|Posted : 21 Jul, 2014 00:00:00||AA-A+|
The Institute of Chartered Accountants of Bangladesh (ICAB) has finally agreed to accept the proposed Financial Reporting Act (FRA), under which Financial Reporting Council (FRC) will be formed to oversee functions of the auditors, according to its chief.
The institute, however, placed a five-point demand before the government for its consideration in finalising the FRA draft as it, ICAB said, will help shun various impediments in ensuring quality audit and achieve purposes of the law.
"We have recently submitted five-point proposal before the Finance Minister for incorporation in the proposed FRA for the greater interest of the standard audit practice and the country," ICAB president Showkat Hossain FCA told the FE in an interview recently.
In a query, Mr Hossain said that ICAB still thinks that strengthening its existing Investigation and Disciplinary Committee (IDC) as like as the proposed FRC in terms of composition, power and function is a better alternative to the formation of FRC as a separate body.
By strengthening the IDC, it is veritably possible to achieve purposes of the proposed FRC. "To do so, it will be needed just to bring some necessary changes in the Presidential Order No 2 of 1973, under which the ICAB was established," he said.
However, against the government's resolution to pass the FRA and form FRC, the ICAB finally placed the five-point proposal to make the FRC effective in ensuring transparency and accountability in the audit practice instead of binding its functions with bureaucratic red tape, Mr Hossain said.
Explaining the first of the five proposals, he said that the definition of 'auditor' was mentioned as 'professional accountant' that was further defined as 'member of ICAB and ICMAB (Institute of Cost and Management Accountants of Bangladesh)' in the drafted FRA.
Strongly opposing the definition, he said that the Cost and Management Accountants (CMAs) are not 'auditors of the financial statement'; rather they are empowered to audit only cost accounts according to Section 220 of the Companies Act 1994.
So, "We requested him (finance minister) to exclude the members of ICMAB from the definition of auditor."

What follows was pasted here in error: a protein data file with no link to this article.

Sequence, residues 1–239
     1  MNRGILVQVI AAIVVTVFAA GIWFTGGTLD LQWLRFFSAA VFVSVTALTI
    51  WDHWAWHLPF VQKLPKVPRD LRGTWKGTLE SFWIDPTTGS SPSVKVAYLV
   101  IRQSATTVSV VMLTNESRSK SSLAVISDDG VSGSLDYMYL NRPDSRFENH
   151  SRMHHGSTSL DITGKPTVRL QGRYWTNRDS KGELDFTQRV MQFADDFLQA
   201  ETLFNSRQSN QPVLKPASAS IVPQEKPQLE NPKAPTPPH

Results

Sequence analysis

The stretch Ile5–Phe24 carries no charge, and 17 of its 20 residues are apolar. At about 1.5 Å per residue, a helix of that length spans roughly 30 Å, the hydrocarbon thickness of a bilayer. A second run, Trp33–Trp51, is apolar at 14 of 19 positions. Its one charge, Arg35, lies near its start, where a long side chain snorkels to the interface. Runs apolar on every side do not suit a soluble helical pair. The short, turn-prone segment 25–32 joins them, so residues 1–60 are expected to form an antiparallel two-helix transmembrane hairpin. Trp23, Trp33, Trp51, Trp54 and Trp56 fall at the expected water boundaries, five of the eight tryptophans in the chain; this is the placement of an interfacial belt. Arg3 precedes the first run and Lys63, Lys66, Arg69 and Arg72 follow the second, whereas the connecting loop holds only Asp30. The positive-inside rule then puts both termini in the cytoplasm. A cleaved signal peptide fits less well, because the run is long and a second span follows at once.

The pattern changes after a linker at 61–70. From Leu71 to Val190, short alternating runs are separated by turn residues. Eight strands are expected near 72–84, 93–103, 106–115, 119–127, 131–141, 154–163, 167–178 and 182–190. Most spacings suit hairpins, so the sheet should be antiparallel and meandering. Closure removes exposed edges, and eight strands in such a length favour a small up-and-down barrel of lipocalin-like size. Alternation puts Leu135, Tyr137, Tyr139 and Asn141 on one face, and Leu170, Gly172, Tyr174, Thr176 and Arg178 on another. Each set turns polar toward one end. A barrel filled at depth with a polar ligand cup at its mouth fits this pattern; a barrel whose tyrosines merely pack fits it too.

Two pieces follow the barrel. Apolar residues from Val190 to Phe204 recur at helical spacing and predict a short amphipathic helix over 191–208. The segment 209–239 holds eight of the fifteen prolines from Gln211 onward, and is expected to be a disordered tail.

Secondly, the ICAB requested to raise its representatives from one to three, include representative from the law and commerce ministries along with the finance ministry and exclude ICMAB representative at the proposed 13-member FRC.
Substantiating its demand to exclude ICMAB, he said that as the FRC is for overseeing functions of CAs, then why CMAs will be included here. He rather floated to make another FRC, if necessary, for the CMAs and not to include CAs there.
Disagreeing with the drafted provisions that empowered FRC to give licence to CAs, ICAB further proposed to include provisions, under which the institute will continue giving licence under a set of rules and regulations and FRC will give final clearance to the CAs to start their audit practice.
Because, if the FRC was empowered to give licence, there will be bureaucratic red tape on the issue, causing lack of CAs for audit in the country.
Fourthly, Mr Hossain said that ICAB is member of different standard setting bodies including SAFA, CAPA, IFAC and IASB. Accordingly, ICAB receives any new standard immediately after they are set, and "we then incorporate it in the Bangladesh perspectives after necessary examination."
Because of not having such connection with international standard setting bodies, FRC will not be able to do the task; rather it will take 5-7 years for FRC to be acquainted to all of these. In the meantime, Bangladesh will lag behind than others. So, ICAB proposed to continue its function of setting audit standard and simultaneously empower the FRC to finally approve that standard.
Lastly, the ICAB pleaded to drop the provision of jail sentence proposed in the FRA for the CAs keeping other penalty provisions as it is drafted.
Regarding the ICMAB's request for its inclusion in the FRC, he said that they (CAMs) might want their inclusion in the FRC in an intention to place demand later to allow them to audit.
"CMAs do not audit anywhere in the world. If they are allowed to audit financial statements, there is no necessity of having two organisations -- ICAB and ICMAB; then, it is better to merge them. Otherwise, it will create chaos," he said.
About ICAB's objection on composition of FRC, Mr Hossain said that in the drafted FRA, the Bangladesh Bank governor was made chairman of FRC, securities regulator and insurance regulators' chairmen and some others were made its members; but all of them are stakeholders and beneficiaries of the CAs' reports;
"On the one hand, they will get their reports certified by us (CAs) and on the other hand will oversee functions of the CAs. That's why we protest it," he said.
He further said that the ROSC Report made 20 recommendations; ICAB already complied with 19 of them; only FRA was left.
In another query, the ICAB president said that "transparency and accountability at the accountancy profession will definitely be enhanced" if the proposed FRC is constituted prudently and function efficiently instead of being like many other ineffective bodies.
Saying that base of the unscrupulous CAs would be enervated with formation of the FRC, he hoped the FRA to truly facilitate to bring the errant CAs into book and develop the economy in the country.
The ICAB already started creating awareness among the CAs about provisions of the proposed FRA so that they increase their efficiency and ensure quality of audit.